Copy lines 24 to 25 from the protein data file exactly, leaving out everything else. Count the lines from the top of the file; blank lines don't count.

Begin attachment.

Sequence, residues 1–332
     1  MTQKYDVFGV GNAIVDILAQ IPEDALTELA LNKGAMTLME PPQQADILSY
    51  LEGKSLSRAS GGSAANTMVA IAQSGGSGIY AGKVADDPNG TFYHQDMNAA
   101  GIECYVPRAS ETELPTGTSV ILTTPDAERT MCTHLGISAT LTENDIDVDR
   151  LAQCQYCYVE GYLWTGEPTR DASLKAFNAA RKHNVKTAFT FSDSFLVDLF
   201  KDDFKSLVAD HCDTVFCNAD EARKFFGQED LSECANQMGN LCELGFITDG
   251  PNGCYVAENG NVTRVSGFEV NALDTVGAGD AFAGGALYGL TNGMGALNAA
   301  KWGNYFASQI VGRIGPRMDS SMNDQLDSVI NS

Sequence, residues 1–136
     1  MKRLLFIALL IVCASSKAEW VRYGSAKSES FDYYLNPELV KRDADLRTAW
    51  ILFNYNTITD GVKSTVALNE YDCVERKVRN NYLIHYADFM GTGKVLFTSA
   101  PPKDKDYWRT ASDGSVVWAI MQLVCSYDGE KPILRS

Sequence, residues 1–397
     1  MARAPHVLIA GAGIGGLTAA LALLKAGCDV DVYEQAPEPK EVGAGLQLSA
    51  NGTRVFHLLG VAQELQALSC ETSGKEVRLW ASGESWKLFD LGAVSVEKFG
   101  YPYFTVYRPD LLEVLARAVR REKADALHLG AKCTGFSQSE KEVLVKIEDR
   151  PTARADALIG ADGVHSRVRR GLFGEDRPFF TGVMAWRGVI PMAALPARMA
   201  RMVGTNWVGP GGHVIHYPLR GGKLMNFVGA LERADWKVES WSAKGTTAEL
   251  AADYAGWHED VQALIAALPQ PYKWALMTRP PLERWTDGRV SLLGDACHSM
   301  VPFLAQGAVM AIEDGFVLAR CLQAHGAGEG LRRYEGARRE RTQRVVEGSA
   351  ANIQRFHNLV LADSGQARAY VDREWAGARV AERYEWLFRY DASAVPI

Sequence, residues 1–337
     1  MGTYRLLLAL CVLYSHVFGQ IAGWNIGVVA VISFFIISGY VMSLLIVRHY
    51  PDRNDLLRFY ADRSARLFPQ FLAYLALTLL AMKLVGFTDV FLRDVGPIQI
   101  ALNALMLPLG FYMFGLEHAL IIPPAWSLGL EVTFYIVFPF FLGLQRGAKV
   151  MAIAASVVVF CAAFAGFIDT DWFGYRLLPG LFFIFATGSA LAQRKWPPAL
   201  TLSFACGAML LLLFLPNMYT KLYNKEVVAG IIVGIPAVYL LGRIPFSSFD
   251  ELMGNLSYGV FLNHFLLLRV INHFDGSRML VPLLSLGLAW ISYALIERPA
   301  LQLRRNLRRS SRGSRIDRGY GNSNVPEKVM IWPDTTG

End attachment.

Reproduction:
    51  PDRNDLLRFY ADRSARLFPQ FLAYLALTLL AMKLVGFTDV FLRDVGPIQI
   101  ALNALMLPLG FYMFGLEHAL IIPPAWSLGL EVTFYIVFPF FLGLQRGAKV